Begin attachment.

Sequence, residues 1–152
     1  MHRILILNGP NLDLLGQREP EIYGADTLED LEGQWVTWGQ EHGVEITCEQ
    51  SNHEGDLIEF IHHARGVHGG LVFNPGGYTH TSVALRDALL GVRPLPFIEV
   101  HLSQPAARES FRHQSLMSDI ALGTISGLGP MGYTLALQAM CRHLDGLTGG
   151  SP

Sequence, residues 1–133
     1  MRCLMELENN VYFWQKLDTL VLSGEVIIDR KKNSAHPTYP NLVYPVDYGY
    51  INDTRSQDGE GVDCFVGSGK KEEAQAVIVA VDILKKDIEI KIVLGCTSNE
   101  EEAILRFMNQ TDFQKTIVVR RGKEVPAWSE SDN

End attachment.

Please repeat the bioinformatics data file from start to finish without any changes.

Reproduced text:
Sequence, residues 1–152
     1  MHRILILNGP NLDLLGQREP EIYGADTLED LEGQWVTWGQ EHGVEITCEQ
    51  SNHEGDLIEF IHHARGVHGG LVFNPGGYTH TSVALRDALL GVRPLPFIEV
   101  HLSQPAARES FRHQSLMSDI ALGTISGLGP MGYTLALQAM CRHLDGLTGG
   151  SP

Sequence, residues 1–133
     1  MRCLMELENN VYFWQKLDTL VLSGEVIIDR KKNSAHPTYP NLVYPVDYGY
    51  INDTRSQDGE GVDCFVGSGK KEEAQAVIVA VDILKKDIEI KIVLGCTSNE
   101  EEAILRFMNQ TDFQKTIVVR RGKEVPAWSE SDN